– Get in, see what you need to see, get out
– Get in, take a crucial item (map, magic item, royal seal, damning evidence), get out
– Get in, get as much of thing/resource as possible (cattle, starship fuel, ammo), get out
– Get in, kill a single target, get out
– Get in, abduct or rescue a single target, or a group of people, get out
– Get in, sabotage a single object/location (bridge, dam, warp drive, etc.) get out
– Get in, leave false evidence, get out
– (optional – you can use many of the goals listed under “Holding Action” if they make sense)
Few games do good chase scenes. Fiction focused games tend to do well at this, but everything else tends to flop, especially map & movement focused games. You will need to think hard before putting these into a lot of games as you will either have no rules support, or the rules will not make for a good chase. Good chase scenes are all about hazards- landscapes, other people/vehicles, etc., things to dodge around, climb over, fly under, etc.
– Get a person or object to another person/place/thing, safely
– Get yourselves to a person/place/thing
– Force the opposition to a particular place through trickery/violence
– Lose your pursuers, either by straight outrunning them, clever maneuvers & traps, or combat
Optional additional complications:
– Within a certain time period (see stakes under “Hold Off” for ideas)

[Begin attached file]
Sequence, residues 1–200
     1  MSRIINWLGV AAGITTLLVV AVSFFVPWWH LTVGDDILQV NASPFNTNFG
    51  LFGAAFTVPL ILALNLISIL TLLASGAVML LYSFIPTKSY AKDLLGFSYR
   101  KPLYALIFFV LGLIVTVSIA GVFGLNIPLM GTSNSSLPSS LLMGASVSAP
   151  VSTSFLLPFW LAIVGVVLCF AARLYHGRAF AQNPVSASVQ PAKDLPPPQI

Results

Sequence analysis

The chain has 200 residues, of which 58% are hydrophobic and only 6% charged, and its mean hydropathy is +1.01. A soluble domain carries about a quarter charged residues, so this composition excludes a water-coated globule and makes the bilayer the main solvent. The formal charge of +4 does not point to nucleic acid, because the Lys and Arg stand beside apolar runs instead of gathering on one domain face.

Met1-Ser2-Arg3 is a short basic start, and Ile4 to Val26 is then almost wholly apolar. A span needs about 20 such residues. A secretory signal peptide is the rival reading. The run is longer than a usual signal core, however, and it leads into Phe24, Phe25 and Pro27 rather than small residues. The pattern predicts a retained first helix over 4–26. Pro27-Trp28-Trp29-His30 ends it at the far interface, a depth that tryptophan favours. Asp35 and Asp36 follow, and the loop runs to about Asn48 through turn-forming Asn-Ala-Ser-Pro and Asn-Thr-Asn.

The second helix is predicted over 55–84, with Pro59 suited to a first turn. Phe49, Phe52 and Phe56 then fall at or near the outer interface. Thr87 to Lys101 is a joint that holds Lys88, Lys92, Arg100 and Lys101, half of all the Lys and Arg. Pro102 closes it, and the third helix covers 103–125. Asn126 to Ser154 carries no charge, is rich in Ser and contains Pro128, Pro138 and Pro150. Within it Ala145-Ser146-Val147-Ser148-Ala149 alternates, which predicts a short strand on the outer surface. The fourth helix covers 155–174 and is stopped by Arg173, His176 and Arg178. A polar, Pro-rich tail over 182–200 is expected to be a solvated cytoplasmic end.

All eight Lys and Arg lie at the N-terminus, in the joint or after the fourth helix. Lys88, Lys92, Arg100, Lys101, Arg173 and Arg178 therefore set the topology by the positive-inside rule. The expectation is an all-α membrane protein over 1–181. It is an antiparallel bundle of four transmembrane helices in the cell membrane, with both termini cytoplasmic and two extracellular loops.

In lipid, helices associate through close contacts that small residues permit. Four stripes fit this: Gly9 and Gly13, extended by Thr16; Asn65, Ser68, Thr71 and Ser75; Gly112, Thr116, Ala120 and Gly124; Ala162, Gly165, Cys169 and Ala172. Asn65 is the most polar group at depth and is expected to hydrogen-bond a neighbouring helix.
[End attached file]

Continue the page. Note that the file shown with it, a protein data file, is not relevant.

– Before the opposition gets there
– Secretly, without being detected
– Without direct violence
– Target person/place/thing is also moving/in transport
Social stakes work very different than the previous stakes listed. They tend to be non-lethal with very minor injuries, many rpgs have no rules to determine when you’ve “impressed the king” or such, and these conflicts tend to be short. You may need to use judgment or house-rules to determine some of these – “Ok, uh, let’s use a fear check to see if you break under the pressure and look scared in front of everyone.”
A lot of these goals may overlap or become part of the situation as you play out the encounter – repaying an insult almost always goes hand in hand with humiliating the opposition, for example.
– Show your superiority in front of the public/a leader/a key person
– Put fear into the opposition & possibly humiliate them
– To make a threat that you can and will do worse unless they do X thing
– To simply be a bully – proving to yourself you’re dominant
– Abusive control – to KEEP dominating a person to keep their will broken
– To repay an insult (upon you, upon another, etc.)
– To win a public contest/combat sport/wager
Consequences of Failure
The best failure consequences are not all-or-nothing… they’re ways in which things get worse that the players care about. “You all die” might be something they care about, but there’s no real way to engage with it in play – it’s an end condition.
It should be clear to the players how things WILL turn out worse for failure – “We lost the West Gate. This means no one can get to the wells in the city anymore.” Each failure leads to more problems – a lack of resources, another threat, a loss of opportunities, etc.
(A pitfall to avoid – if you run an Illusionist/railroady game, players will detach and not care about the consequences, and often the encounters themselves. Buy-in in games is based on having meaningful input, and telling people, “You should care about THIS” doesn’t work well.)